Recently, family, friends and dignitaries gathered at Hurricane Ridge near Port Angeles to celebrate the designation of the Daniel J. Evans Wilderness at Olympic National Park honoring Washington’s distinguished three-term governor and U.S. Senator.
Today, America needs a calming voice of reason—-a steady and measured leader with the strength, experience, and ability to unify our nation. Daniel J. Evans fits that mold.
At 91, Evans is still spry and fit. His legacy is he worked with Democrats as well as Republicans to get things done. They trusted him.
“In fact, to be called a ‘Dan Evans Republican’ still today bespeaks a high calling of bipartisanship and effectiveness in public service,” long-time Democrat Congressman Norm Dicks (Bremerton) told the Seattle Times.
Evans grew up in Seattle and earned the rank of Eagle Scout. After graduating from Roosevelt High School in 1943, he served in the Navy as an ensign during World War II. Before returning to active duty as a lieutenant in 1951 during the Korean War, Evans earned bachelor and master’s degrees in engineering from the University of Washington.
He was first elected to the state legislature from Seattle in 1956 and in 1964 defeated two-time Democrat Gov. Albert Rosellini.
As governor, Evans quickly rose to national prominence. In 1968, his Republican Convention keynote speech landed him on the cover of Time Magazine that August. There was talk of Evans being Richard Nixon’s running mate. That was just talk. However, in 1976, Gerald Ford had Evans on the final list before picking Sen. Bob Dole of Kansas
In 1983, Gov. John Spellman (R) appointed Evans to replace the late Henry “Scoop” Jackson, who died suddenly while serving in the U.S. Senate. Evans won election to the Senate before retiring in 1989.
Evans was a champion for the environment. In the U.S. Senate, he authored the Washington Wilderness Act setting aside 1.5 million acres of federal wildlands. While governor, he convened a special legislative session in 1970 to authorize setting up the Dept. of Ecology.
Evans led our state through tumultuous and fragile times.
Our nation was torn apart by the Vietnam War and student protests. The tipping point came on May 4, 1970 when Ohio National Guardsmen opened fire on Kent State University protestors killing four students and wounding nine others. A nation-wide strike by four million people ensued shutting down the entire country.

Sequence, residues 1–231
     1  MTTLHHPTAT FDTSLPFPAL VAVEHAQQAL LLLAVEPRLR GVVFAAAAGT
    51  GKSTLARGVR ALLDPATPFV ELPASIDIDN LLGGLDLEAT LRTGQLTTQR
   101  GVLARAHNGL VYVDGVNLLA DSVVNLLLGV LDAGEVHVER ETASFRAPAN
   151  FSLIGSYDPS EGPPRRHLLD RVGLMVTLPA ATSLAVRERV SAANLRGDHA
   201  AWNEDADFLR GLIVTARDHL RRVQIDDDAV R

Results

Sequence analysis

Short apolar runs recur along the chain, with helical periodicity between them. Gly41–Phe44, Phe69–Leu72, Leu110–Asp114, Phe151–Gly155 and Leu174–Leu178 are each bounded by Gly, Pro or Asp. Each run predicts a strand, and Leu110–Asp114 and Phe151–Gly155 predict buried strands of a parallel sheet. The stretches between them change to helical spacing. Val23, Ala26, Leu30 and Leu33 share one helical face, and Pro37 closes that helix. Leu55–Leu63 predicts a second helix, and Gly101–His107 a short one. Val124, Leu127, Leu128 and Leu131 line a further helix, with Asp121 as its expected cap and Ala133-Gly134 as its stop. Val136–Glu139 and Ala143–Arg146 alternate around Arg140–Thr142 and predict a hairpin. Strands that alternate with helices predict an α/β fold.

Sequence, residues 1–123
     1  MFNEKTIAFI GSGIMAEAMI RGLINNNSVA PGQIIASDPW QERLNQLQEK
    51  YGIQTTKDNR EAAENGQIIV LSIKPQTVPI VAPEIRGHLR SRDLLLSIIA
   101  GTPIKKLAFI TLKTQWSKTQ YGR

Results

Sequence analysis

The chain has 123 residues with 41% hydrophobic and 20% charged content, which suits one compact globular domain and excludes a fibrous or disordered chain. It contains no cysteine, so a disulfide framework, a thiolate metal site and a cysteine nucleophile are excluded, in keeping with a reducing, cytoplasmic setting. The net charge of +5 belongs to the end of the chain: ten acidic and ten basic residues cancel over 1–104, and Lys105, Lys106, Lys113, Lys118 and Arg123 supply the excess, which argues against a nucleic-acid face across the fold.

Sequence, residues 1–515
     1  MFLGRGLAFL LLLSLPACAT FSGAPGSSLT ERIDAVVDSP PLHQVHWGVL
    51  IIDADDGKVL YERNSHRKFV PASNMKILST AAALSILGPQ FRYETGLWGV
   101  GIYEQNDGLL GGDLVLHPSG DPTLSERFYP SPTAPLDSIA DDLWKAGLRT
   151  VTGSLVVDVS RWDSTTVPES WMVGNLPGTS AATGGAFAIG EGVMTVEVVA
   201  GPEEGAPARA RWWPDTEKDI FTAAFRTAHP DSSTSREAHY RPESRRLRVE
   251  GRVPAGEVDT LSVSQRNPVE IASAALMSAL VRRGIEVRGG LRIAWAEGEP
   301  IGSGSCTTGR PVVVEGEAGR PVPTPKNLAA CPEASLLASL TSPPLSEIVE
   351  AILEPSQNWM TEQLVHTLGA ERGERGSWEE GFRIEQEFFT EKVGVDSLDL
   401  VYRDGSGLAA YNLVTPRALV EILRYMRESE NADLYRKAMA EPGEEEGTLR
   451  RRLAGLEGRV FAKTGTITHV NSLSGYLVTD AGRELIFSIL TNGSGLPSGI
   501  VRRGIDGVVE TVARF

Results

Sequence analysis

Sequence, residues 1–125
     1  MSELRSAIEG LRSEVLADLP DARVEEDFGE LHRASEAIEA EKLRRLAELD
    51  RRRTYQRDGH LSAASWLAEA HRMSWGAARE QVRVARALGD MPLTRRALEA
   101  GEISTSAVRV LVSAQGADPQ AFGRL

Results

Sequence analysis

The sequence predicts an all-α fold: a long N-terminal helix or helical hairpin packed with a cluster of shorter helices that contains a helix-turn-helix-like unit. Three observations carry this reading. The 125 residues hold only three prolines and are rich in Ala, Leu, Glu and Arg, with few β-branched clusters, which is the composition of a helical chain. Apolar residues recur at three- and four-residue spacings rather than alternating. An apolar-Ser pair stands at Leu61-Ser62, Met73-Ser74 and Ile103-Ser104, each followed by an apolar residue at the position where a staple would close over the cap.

Evan quickly recognized his job was to restore order and calm the outrage here in Washington.
As governor, Evans faced challenging economic times. The so-called Boeing Bust in the early 1970s saw Seattle’s unemployment rate soar to 25 percent. At the time, Boeing accounted for 45 percent of the region‘s economy and its 103,000 workforce was slashed in half.
Fast-forwarding to 2017, America needs a Dan Evans-like leader—one who has his experience, skill and temperament. Our country has faced tough divisive times before and survived because of elected officials like Evans.
We also could use a dose of his humility—a humility I saw first-hand in 1967 when, as a University of Montana student, I was hired to run the photo lab at the Western Governor’s Conference in West Yellowstone.
At the time, the media attention was focused on California Gov. Ronald Reagan whose visit was well choreographed. Reagan flew in, arrived at the conference by stagecoach, gave the banquet address, and immediately jetted back to Sacramento leaving Evans and his colleagues to do the conference’s work.
Dan Evans arrived unceremoniously with his family, rolled up his sleeves and quietly worked with his colleagues to accomplish a regional agenda. Isn’t that what we need today—-a half century later?
Don C. Brunell is a business analyst, writer and columnist. He retired as president of the Association of Washington Business, the state’s oldest and largest business organization, and now lives in Vancouver. He can be contacted at theBrunells@msn.com.